Rebekkah Wilson, MSW spoke next at time stamp 46:29

Beyond Alzheimer’s Disease, Impact on the Individual/Family System:
* Challenges with diagnosis
* Symptoms generally less recognized/understood
* Caregiver burden
* Younger onset considerations
* Community resources and considerations
— Legal
— Financial
— Emotional support
— Care options

Psychosocial Impact – Diagnosis
* Misdiagnoses common
— in FTD as late onset mental health issues (bi-polar), or marital problems
— in LBD when initial presentation is non-motor symptoms
* Rearview mirror clearer; but by then there are consequences of actions taken prior to diagnosis
— unnecessary treatments, or surgery
— impulse control issues in FTD can result in overspending of college & retirement funds, or loss of jobs & stability
* Sense of relief to get diagnosis
— Negative experiences prior to diagnosis
— Empowerment through learning about diagnosis (now I know what I’m dealing with)
* Present and future support – Programs are set up on an Alzheimers disease model.  Some areas of the country are more progressive and have more support groups and day programs/caregivers for non-Alzheimer’s dementia.

Psychosocial Impact – Symptoms
* Less recognized because Alzheimer’s disease is everyone’s reference point
– Memory may not be impacted, so dementia not recognized and symptoms not addressed
* Safety considerations due to brain changes (driving, wandering, judgement)
* Fluctuations in mental status misinterpreted (esp. in young patients misdiagnosed as bi-polar, marital discord, OCD, etc.)
* hallucinations/REM
* Impact of FTD symptoms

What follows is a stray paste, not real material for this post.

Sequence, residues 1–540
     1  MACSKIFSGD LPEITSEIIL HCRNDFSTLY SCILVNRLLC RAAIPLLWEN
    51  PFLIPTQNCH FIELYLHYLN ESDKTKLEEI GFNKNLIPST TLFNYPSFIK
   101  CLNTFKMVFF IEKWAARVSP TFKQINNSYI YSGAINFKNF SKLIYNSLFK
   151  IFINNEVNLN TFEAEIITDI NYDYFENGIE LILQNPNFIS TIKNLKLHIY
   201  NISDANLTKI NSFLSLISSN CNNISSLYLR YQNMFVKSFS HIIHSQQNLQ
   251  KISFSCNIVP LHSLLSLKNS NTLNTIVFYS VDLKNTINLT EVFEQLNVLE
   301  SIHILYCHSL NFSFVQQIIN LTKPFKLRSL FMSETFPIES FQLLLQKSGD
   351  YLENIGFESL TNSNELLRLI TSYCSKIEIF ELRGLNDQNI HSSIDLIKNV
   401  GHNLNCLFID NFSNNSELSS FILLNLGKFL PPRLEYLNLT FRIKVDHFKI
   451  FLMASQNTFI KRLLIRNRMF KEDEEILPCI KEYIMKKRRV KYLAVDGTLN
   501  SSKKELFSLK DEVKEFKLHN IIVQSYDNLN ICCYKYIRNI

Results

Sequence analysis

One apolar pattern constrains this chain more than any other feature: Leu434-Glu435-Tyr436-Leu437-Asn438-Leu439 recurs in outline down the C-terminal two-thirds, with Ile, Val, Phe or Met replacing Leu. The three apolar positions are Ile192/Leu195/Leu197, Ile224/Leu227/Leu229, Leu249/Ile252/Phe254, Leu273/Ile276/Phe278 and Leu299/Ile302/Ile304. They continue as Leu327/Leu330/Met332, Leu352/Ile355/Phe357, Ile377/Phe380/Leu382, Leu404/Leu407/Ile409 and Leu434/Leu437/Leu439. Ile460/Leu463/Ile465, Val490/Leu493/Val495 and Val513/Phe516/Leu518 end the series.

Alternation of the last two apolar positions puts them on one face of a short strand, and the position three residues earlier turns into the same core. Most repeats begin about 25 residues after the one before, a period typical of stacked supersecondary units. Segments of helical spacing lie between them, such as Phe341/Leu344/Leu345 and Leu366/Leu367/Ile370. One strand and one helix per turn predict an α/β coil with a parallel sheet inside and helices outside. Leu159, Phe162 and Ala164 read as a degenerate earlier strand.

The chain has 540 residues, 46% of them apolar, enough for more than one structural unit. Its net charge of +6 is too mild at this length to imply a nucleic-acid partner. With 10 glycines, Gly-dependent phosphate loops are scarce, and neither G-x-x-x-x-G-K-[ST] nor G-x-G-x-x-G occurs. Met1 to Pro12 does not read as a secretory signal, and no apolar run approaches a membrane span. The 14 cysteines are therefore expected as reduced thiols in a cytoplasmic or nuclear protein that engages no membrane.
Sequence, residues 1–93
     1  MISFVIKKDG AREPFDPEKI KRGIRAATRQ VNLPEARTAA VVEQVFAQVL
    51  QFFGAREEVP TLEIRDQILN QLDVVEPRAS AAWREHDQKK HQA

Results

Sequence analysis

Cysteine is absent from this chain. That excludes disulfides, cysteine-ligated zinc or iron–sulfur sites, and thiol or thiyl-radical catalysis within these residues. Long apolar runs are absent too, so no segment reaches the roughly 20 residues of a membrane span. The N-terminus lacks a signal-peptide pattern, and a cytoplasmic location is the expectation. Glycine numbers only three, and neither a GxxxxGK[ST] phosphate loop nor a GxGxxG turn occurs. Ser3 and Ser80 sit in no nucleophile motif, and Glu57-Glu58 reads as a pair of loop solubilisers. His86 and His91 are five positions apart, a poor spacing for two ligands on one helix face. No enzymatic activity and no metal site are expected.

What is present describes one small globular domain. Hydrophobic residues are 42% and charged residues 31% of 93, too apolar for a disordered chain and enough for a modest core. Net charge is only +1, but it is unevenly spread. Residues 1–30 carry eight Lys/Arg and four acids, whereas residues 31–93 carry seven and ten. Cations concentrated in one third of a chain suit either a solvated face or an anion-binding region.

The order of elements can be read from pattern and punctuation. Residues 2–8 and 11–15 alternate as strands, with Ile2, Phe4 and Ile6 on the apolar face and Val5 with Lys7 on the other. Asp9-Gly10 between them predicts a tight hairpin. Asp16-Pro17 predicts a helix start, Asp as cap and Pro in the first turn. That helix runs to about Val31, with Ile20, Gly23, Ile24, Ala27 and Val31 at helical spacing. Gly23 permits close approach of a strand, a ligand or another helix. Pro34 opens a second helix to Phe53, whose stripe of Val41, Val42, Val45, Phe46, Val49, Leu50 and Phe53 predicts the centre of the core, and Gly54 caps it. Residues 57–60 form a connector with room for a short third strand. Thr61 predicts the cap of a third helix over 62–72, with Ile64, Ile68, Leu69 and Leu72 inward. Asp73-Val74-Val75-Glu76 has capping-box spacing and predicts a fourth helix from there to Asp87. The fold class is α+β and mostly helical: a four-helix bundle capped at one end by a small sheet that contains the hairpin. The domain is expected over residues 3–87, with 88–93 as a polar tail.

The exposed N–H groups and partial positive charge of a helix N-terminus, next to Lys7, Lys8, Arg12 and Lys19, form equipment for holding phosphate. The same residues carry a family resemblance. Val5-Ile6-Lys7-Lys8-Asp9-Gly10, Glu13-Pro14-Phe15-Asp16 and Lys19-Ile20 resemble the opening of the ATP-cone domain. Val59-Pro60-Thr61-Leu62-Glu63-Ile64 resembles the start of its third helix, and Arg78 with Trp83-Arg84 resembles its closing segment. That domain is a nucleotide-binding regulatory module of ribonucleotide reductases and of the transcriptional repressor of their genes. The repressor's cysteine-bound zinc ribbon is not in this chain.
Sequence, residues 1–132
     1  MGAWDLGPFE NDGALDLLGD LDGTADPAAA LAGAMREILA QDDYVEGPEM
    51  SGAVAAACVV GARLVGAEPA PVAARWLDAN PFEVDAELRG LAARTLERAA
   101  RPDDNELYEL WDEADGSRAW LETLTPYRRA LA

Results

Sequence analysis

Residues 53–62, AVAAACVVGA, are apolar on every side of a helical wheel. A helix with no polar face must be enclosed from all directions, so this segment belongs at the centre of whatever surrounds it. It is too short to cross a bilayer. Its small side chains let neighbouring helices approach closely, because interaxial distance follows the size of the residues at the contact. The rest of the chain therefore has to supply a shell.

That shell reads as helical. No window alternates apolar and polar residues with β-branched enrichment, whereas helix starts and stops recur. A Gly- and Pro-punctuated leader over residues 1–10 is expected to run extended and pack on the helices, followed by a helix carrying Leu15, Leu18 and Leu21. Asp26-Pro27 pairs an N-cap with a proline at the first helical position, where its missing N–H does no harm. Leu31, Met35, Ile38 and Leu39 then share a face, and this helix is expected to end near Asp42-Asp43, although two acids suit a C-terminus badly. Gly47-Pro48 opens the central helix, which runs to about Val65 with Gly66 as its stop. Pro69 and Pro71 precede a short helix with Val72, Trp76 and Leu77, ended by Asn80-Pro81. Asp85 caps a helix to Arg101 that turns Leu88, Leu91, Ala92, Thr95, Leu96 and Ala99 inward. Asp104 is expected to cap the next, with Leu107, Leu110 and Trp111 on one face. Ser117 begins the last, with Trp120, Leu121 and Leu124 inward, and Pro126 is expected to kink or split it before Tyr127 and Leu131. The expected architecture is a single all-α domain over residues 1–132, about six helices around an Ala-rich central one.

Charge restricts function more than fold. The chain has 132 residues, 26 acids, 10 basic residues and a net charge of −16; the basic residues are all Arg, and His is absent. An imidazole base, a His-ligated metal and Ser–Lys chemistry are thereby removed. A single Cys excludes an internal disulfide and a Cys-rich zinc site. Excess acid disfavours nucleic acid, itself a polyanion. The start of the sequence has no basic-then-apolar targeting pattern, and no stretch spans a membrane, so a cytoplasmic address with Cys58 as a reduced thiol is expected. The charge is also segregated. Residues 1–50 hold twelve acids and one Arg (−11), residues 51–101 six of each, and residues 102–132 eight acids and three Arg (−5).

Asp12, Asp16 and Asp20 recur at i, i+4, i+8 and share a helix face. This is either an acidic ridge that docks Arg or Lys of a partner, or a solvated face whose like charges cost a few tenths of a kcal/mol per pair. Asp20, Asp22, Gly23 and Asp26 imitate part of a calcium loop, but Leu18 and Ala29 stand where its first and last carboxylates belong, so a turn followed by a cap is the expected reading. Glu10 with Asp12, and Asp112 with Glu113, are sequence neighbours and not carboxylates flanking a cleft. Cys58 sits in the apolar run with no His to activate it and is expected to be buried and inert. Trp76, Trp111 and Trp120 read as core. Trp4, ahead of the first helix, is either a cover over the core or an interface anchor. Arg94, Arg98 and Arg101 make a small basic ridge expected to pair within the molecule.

– Legal
– Financial
– Employment
– Social

Psychosocial Impact – Caregiver Burden
* Nature of Symptoms
— FTD – especially behavior and language changes
— LBD – especially cognitive fluctuations (can be moment to moment, rather than good morning & bad afternoon)
* High caregiver stress
* Isolation due to being a ‘rare’ diagnosis (need to find a support group with the same non-Alzheimer’s diagnosis)
* Age of onset impacts normalization (especially FTD & young onset Alzheimer’s)
— Expect memory and cognitive changes in older adults.
Younger people with dementia are misdiagnosed with mental health issues or arrested for unruly public behavior.
— Parents providing care for person with dementia (PWD)
— Care for PWD while caring for kids in household (sandwich generation)
* Ambiguous loss / anticipatory grief

Psychosocial Impact – Young Onset
* Developmental stage of the family
— Young kids at home, frequently in young onset families.
— Aging parents caring for their children with young onset dementias.
* Concerns about genetics
* Career and employment considerations
* Financial implications – primary caregiver may now have to work (maybe more than one job, depending on their skill set.)
* Challenges finding services because they are not trained to care for non-Alzheimer’s dementia

Legal and Financial Considerations
* Legal planning documents (maybe guardianship or conservatorship)
— Power of Attorney for Healthcare
— Power of Attorney for Finances
— Living Will
* Employment Laws
* Early Onset diagnosis impacts income and insurance (pre-Medicare age)